INSIDE TRACK

INSIDE TRACK | Walking and reading good for keeping cabin fever at bay

INSIDE TRACK

Joe Carroll

Reporter:

Joe Carroll

Email:

joebellurgan2014@yahoo.ie

INSIDE TRACK | Walking and reading good for keeping cabin fever at bay

Included along with the works of the late Paddy Clarke and his Oriel Park counterpart, Jim Murphy, also sadly gone to his reward. (Pic: Sportsfile)

This is being written on Friday afternoon, March 20. No danger, therefore, of deadlines being missed.

These are extraordinary times, an attack being mounted on us all by coronavirus. On the wings are cabin fever and stress, not feeding the centre-forward, but off it.

Age has me among the vulnerable. Instructions are to stay under house arrest. Parole allows for a walk a few times a day. That’s appreciated by me and, I’m sure, the many others I meet along the way. We observe the rules; not among them is the one that forbids us from saying hello.  

The sun is shining, the birds are singing and Dundalk Bay’s tide is on its way in. You’d think there was nothing wrong. Perhaps in sympathy with us, the fully-blossomed daffodils have their heads bowed lower than usual.

All of the Tipping’s Wood trees are the same dull colour, but, virus or no virus, come later in the year there’ll be 40 shades of green. And maybe the point-to-pointers will be back, galloping over the Bellurgan Park grounds. In the background, the Cooleys are a reminder of 19 years ago, their fields sheepless. That, however, is not unusual for this time of year. The next generation is making its way into the world in the farmyard barns.

There are many other hours to be passed - reading the dailies fills a few of them, doing bits and pieces about the place even less. There are books on the shelves, unopened in quite a while but now being taken down. They’re only thumbed through. I’m not a book-lover;  because it was compulsory at the time when I masqueraded as a CBS student, Treasure Island is the only book I’ve read from front to back. Newspapers suffice, though having risen in cost to €4.50, the Racing Post is no longer on order.  

The mix of books is eclectic, sport, politics and local. Most were gifts. Among the former are the tales of Alex Ferguson, Tony McCoy, Frankie Dettori, Peter O’Sullivan, Michael O’Hehir, and the racehorse Sea The Stars. There are others on soccer, tennis, golf, greyhounds and, not surprisingly, GAA.

The story of many Louth GAA clubs and others in some neighbouring counties are included along with the works of the late Paddy Clarke and his Oriel Park counterpart, Jim Murphy, also sadly gone to his reward.

I may have bought Eamon De Valera, written by Lord Longford and TP O’Neill, but am sure I was gifted the Bertie Ahern, Frank Aiken and Pádraig Faulkner autobiographies. There’s another on Aiken, The Irish Revolution.

There should by now be no doubt about the foot I kick with, and have done throughout my life, except for the four years I spent wielding the red pen of mass correction in this ’paper’s editorial chair. There was a need for impartiality then, and I hope it was accepted that I displayed it. I know that Arthur Morgan was first to congratulate me on my appointment, in 2000, Fergus O’Dowd sent me a card when I retired, and in between the angriest phone call I had came from one of Fianna Fail’s chief foot soldiers, Peter Sands.

Maybe I should collaborate with my school buddy, Seamus Kirk, telling the story of how this most decent of men began at the coalface that is the County Council before climbing the ladder to become Ceann Comhairle. He went through the ranks like his long-time sidekick, Dermot Ahern, and was named a Junior Minister for Agriculture along the way.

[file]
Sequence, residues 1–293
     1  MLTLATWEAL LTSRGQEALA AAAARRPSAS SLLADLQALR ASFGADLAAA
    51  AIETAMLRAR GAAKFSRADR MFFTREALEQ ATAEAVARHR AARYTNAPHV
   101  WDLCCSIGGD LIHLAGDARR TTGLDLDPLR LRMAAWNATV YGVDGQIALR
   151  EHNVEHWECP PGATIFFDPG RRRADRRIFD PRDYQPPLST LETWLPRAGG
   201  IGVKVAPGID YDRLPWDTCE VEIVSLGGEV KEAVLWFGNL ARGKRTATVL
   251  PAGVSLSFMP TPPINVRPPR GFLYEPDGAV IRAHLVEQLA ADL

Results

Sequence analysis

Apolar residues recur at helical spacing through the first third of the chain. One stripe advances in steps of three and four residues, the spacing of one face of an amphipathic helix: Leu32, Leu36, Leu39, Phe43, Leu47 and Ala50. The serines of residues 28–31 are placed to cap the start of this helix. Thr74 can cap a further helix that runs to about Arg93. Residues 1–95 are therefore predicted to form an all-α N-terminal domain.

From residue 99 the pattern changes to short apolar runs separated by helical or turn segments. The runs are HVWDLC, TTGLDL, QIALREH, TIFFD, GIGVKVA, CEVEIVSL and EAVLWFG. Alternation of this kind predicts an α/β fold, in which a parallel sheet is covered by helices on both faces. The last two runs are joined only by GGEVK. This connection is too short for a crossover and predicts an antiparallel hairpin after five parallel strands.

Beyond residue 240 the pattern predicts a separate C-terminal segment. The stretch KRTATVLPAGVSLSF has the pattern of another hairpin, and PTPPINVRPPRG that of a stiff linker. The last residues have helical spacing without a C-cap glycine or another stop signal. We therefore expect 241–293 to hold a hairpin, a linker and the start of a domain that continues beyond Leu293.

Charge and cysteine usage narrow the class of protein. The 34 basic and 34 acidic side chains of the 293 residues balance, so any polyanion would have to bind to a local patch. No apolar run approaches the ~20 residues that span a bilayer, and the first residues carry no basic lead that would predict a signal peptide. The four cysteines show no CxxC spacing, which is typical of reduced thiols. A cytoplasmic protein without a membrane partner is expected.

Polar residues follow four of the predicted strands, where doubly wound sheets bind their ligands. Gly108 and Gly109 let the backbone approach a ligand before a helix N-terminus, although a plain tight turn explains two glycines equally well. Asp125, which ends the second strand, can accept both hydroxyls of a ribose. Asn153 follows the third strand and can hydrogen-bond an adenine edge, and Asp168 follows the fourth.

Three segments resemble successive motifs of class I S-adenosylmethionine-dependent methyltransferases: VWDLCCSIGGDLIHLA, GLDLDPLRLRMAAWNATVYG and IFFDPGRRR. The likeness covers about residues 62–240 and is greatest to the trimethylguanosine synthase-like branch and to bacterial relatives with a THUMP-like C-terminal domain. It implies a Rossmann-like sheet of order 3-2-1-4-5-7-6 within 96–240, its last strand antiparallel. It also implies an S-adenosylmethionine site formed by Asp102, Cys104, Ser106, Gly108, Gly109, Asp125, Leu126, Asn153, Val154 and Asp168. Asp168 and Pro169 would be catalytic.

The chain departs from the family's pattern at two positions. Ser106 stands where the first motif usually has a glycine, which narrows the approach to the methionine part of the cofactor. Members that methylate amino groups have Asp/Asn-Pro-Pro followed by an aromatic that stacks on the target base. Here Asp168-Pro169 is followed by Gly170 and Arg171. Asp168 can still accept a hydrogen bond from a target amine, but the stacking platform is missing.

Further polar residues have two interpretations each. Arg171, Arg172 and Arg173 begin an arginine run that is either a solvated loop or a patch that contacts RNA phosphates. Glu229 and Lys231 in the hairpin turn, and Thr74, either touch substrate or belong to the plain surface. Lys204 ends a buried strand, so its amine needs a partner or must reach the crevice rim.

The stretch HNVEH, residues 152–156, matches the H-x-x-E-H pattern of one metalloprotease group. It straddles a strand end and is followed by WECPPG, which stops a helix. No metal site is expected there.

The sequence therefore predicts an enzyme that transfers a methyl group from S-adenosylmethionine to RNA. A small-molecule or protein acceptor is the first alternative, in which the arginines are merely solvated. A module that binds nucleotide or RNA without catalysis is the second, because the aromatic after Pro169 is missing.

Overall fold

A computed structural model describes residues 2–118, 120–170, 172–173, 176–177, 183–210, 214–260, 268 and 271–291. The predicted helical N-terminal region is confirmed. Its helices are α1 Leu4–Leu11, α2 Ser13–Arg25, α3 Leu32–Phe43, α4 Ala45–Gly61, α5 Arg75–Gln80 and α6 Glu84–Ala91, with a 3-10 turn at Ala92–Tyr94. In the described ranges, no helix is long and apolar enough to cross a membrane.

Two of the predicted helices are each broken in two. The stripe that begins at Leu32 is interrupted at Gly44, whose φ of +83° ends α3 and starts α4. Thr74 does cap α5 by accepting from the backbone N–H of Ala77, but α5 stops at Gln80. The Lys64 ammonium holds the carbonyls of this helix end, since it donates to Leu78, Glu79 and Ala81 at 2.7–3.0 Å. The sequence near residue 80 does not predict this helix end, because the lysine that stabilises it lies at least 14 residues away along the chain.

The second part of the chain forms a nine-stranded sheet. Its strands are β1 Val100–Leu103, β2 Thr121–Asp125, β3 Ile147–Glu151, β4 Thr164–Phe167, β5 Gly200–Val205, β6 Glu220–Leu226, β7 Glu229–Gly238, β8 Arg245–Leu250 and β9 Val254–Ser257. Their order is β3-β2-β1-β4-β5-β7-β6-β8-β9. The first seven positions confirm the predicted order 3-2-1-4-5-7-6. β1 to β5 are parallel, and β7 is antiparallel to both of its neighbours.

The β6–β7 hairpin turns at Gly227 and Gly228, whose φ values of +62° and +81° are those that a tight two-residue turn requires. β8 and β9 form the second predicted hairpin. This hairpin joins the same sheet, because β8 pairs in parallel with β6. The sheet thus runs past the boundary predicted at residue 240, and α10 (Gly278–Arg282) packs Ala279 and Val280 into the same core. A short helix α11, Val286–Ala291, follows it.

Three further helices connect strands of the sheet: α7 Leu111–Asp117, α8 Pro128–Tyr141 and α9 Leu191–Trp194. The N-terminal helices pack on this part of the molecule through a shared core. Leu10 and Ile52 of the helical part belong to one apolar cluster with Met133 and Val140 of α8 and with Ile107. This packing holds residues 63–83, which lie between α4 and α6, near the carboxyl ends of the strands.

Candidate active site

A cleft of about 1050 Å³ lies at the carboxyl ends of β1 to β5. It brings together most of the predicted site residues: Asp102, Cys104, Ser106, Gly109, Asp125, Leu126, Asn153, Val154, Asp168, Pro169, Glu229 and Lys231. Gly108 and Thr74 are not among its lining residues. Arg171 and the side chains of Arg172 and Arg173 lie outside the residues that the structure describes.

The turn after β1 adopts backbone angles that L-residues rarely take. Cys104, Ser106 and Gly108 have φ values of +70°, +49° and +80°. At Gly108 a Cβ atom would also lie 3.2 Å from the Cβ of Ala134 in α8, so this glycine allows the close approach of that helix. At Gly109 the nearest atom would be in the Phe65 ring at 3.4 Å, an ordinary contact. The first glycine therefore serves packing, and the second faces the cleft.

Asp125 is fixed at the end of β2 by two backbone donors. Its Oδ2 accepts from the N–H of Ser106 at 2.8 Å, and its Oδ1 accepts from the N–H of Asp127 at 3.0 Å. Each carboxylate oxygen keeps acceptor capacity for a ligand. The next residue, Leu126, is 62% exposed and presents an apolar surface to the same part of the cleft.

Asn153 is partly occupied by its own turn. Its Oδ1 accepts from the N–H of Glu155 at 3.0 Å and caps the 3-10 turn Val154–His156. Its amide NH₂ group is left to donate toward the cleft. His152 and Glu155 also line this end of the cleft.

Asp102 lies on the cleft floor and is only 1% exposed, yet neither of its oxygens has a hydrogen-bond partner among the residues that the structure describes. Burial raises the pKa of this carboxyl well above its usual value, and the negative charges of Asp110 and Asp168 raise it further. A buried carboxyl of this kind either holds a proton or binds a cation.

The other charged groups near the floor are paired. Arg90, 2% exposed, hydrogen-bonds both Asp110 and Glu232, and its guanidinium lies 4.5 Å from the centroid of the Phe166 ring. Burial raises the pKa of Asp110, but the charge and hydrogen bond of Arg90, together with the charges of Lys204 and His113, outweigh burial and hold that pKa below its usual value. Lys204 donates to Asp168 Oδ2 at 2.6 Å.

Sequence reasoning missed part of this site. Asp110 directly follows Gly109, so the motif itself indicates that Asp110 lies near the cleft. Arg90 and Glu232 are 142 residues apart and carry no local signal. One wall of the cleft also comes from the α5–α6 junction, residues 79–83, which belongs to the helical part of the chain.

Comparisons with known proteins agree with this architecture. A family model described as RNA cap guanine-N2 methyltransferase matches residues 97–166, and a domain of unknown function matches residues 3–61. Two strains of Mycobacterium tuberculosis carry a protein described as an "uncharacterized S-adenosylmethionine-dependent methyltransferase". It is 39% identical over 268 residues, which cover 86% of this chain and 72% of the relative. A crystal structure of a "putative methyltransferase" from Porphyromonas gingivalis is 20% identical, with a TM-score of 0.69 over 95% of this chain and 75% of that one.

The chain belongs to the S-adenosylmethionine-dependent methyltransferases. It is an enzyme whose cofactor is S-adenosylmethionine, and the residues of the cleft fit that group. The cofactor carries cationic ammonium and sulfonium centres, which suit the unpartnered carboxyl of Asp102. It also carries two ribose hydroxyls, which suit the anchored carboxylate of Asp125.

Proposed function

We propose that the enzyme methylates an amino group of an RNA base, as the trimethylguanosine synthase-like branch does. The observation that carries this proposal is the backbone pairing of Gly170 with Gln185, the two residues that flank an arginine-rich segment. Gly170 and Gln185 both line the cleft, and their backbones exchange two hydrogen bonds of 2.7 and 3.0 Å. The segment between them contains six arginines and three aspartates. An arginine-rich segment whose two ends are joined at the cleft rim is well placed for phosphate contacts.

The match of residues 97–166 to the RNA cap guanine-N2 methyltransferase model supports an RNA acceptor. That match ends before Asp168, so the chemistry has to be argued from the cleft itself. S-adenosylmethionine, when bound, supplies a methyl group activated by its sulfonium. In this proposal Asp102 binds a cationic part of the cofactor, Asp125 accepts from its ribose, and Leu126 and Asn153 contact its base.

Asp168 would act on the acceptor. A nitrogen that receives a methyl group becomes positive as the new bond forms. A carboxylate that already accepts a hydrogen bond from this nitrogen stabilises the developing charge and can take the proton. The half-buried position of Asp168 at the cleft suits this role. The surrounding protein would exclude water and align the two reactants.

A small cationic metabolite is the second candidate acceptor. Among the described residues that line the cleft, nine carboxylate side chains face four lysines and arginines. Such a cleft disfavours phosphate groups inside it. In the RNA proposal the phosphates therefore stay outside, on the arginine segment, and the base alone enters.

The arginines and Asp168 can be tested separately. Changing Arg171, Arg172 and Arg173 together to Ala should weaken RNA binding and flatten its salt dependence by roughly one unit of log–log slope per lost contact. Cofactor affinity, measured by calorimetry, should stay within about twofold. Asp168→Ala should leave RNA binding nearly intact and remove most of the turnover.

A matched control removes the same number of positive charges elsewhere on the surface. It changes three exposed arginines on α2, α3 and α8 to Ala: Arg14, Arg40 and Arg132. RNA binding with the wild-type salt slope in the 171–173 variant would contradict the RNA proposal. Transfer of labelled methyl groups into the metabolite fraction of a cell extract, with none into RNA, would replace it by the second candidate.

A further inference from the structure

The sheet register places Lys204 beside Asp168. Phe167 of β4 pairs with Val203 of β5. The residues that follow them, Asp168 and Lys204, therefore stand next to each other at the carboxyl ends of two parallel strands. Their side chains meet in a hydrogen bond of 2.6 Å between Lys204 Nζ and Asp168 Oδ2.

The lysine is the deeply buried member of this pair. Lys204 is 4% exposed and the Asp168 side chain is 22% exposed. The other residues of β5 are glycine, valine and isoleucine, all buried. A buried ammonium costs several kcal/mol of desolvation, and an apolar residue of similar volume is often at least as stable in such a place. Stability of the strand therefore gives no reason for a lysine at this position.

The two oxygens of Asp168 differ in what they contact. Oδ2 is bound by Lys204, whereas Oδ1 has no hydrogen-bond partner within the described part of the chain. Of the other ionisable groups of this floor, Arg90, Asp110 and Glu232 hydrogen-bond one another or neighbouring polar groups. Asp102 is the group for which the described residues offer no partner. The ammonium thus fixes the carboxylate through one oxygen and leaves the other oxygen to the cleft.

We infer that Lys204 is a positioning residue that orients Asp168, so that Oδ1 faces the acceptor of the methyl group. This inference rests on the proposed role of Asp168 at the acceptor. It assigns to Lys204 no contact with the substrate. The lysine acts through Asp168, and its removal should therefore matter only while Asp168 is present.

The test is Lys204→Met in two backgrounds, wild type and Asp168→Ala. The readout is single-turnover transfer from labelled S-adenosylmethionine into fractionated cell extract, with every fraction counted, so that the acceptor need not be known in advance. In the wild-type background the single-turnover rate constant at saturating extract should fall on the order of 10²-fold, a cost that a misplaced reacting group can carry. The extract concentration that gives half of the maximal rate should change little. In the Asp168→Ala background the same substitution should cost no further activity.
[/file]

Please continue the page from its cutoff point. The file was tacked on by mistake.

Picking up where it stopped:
Kirk had me and a few others from the Dundalk Gaels club up in the Shelbourne Hotel for the launch of Bord Glas many years ago.  He was Junior Minister then, and as his No1, Michael O’Kennedy, was needed in the Dáil to answer questions, the former St. Bride’s and county footballer was asked to preside.

Myself and other Ramparts reprobates had a planned meeting with Department of Education officials that day, making a case for a Lottery grant. On hearing this, Kirk suggested we should kill two birds with the one stone, and we readily agreed. We drank the bit in the Shebourne’s salubrious surroundings and got £10,000 lotto money, the first time Gaels scored a double since the senior championship and Cardinal O’Donnell Cup wins of 1942.

Con Houlihan’s Windfalls and More Than A Game are not out of place in company with Racing Lives and A Feast Of Clement Freud, both penned, of course, by the very readable CF.

Lynne Truss’s Eats, Shoots And Leaves should be avoided by those who believe punctuation is not important when putting pen to paper. I’ll stop reading if it’s ever deemed there is no further use for colons, semicolons, commas and even the latter’s first-cousins, the inverted.

Jack McQuillan’s Voices of Dundalk, published in 2004, is a masterpiece, a must-have for anyone who wants to know about the town’s outstanding personalities. Many of those featured are gone, but their lives and achievements still make interesting reading.

There’s no-one who better speaks from the altar than Fr Michael Murtagh, presently Dunleer’s Parish priest; as his St. Patrick’s Dundalk - An Anniversary Account portrays, he writes with the same clarity and authority.

And Knockbridge’s Pat O’Neill? The time and effort he spent on the Journal of Henry McClintock must have been enormous. Running to almost 1,000 pages, its research may have taken its toll on the author, whose recent death is lamented.

As this piece comes to the last furlong a few miles away, as the crow flies, the runners are getting ready to go to post for the 2.30 at Dowdallshill. Different from Cheltenham, Dundalk and other Irish meetings have been running behind closed doors.